I know there are already questions on that topic, but the issues there are somewhat specific to other problems and do not offer conclusive answers.
There are people out there that deny the need for a
ViewModel and say that
the “standard” way is to bind to the Model directly. This is what I deny and try to prove with technical arguments.
From my background in
Presentation Model, it just is natural
to me to use a
ViewModel. Perhaps I miss an important point?
So for me the default is to bind to a
ViewModel, no matter what the
Model is (and no matter if it implements
INotifyPropertyChanged or not).
1. Removing logic from the View
- Make logic unit testable
- reduce code redundance (duplication where needed)
- The model contains properties that the user shall not change
- Automatic, but unwanted updates can happen if Binding to model
3. Loose coupling
- If binding directly to the model, there will be a coupling between lower layers and View
- Changing the Model causes changes in all the Views
- The view is not depending on any given model
- Model can be easily generated with EF, some DSL, batch files, on so on
4. Speed of development
- You can start with a
Prototype ViewModelhierarchy and bind to that
- If the model is still under development, you can start with a
ViewModelcan be developed testdriven, no matter of the View
Viewcan entirely be built by a designer, or developer with strong design background
5. “Tricky synchronizion” is solved
- There are plenty of solutions to any given “tricky synchronization” problem, e.g.
- Event system from the model (model fires event, ViewModel subscribes)
6. Equal structure throughout the project
- There are points where have to a ViewModel, like SelectedItem
- Mixing Binding to Model and ViewModel is errorprone
- It is harder for fresh developers to figure out structure of the project
- starting to bring ViewModel later when there is no way around it is messy
- Lets define: If you do not use a ViewModel, it is not MVVM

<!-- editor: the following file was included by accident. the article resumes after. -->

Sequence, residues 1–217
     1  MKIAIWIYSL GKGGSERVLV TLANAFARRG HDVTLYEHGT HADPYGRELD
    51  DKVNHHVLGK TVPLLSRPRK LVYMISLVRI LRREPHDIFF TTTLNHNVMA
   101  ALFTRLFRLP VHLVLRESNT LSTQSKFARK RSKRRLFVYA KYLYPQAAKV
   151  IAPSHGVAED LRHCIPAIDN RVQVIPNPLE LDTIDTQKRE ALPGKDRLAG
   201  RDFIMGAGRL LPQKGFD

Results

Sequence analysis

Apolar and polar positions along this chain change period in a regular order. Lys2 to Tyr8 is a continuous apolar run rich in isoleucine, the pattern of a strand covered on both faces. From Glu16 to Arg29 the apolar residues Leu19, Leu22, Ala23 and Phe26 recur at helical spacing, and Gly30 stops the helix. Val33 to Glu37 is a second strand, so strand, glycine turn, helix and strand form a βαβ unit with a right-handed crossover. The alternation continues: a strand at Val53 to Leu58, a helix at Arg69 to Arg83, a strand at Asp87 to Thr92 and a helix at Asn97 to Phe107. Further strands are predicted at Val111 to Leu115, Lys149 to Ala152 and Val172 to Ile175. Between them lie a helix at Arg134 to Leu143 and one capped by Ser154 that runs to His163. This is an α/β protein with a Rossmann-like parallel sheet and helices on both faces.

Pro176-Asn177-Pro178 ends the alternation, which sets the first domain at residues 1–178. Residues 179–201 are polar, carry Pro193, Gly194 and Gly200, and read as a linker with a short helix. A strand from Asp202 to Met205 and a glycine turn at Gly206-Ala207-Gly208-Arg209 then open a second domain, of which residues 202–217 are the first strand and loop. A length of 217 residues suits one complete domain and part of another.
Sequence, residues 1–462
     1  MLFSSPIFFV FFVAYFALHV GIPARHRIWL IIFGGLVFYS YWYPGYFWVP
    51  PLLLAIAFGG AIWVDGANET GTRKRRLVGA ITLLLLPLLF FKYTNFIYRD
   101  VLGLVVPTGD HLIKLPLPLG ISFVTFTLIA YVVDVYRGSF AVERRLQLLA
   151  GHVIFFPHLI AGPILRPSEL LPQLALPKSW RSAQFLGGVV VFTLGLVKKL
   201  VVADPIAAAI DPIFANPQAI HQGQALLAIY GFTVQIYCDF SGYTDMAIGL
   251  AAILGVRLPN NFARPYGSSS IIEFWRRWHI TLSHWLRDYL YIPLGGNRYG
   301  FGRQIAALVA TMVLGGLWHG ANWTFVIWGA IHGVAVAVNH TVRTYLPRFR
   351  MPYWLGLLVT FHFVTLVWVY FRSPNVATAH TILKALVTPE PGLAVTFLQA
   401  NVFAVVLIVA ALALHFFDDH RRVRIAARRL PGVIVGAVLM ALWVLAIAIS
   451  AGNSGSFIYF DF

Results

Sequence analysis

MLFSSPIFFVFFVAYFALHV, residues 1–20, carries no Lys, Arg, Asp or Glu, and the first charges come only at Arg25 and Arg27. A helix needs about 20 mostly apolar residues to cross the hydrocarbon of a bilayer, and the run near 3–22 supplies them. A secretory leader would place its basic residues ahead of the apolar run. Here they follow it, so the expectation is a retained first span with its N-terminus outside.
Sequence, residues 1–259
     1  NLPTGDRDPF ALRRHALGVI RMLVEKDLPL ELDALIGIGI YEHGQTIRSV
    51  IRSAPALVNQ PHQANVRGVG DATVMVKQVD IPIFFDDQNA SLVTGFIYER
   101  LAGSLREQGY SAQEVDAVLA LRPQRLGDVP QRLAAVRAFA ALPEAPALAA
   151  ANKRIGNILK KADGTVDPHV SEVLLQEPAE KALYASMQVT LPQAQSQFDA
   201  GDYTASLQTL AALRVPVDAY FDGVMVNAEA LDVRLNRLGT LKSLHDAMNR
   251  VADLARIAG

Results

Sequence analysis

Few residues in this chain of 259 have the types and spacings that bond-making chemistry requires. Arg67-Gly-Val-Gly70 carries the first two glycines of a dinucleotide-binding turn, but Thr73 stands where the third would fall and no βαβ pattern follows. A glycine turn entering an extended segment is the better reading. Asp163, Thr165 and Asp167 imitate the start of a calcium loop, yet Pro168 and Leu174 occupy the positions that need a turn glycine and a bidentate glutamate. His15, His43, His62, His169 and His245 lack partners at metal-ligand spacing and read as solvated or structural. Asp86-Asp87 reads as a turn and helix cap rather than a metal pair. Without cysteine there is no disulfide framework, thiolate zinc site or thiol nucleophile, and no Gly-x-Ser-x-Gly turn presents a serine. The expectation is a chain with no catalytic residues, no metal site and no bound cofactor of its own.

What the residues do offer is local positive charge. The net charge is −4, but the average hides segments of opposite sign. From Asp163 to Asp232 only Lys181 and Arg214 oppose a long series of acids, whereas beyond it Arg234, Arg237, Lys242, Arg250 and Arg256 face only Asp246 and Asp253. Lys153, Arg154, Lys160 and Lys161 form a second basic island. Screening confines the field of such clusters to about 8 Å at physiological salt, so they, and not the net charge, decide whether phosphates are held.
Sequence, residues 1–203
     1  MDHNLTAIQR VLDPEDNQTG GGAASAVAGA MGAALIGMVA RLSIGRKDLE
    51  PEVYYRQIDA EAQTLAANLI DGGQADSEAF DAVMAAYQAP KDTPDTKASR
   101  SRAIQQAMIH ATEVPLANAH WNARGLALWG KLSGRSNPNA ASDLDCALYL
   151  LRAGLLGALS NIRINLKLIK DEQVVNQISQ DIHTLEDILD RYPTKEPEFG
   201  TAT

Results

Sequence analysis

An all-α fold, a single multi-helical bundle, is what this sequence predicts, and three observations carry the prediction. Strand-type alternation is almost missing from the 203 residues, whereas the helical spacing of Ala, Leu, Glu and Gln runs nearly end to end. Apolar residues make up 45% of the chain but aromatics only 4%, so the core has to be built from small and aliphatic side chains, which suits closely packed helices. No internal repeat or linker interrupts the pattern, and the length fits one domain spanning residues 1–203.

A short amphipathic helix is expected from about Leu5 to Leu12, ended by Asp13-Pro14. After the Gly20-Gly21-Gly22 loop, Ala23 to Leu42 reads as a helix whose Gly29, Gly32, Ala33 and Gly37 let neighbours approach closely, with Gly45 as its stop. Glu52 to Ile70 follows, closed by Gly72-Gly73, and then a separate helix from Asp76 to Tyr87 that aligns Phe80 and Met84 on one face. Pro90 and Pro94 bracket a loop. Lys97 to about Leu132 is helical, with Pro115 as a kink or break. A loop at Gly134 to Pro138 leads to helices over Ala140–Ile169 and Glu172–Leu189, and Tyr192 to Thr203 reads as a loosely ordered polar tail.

- MVVM can be easily adopted to lots of datasources, lots of views
- If you find any performance issues: Lazy loading and caching goes in the ViewModel
8. Separation of concerns
- Getting a grip on complexity is the main problem in software
- The ViewModels sole responsibility is pushing changes
- It is as easy to send notifications to a view as it is to push it to a different process or machine
- The ViewModel, not the View register for change notifications on the model / data source
- the datasource can ignore sending events to the ViewModel that caused the change
On contrary, the guy from the other thread dumps some points, including
If the model is updated directly, the view-model won’t know to fire a property changed event. This causes the UI to go out of sync.
This severely limits your options for sending messages between parent and child view-models.
If the model has its own property changed notification, #1 and 2 aren’t a problem. Instead, you have to worry about memory leaks if the wrapper VM goes out of scope but the model doesn’t.
If your models are complex, with lots of children objects, then you have to walk the entire tree and create a second object graph that shadows the first one. This can be quite tedious and error prone.
Wrapped collections are particularly difficult to work with. Any time something (UI or backend) inserts or removes an item from a collection, the shadow collection needs to be updated to match. This kind of code is really hard to get right.
So, the question is: what is the default way to bind and why?
Do I miss points that make it necessary to have a ViewModel?
Are there any real reasons one would like to bind to a model?
Most important is the why, not the how to.
Practice As Follows
View models usually contains members, which are intended to be used with view (e.g., properties like
IsSomethingVisible, any implementation of
Do you see any reason to bring all those stuff into models? Of course, no. That’s why view models exists.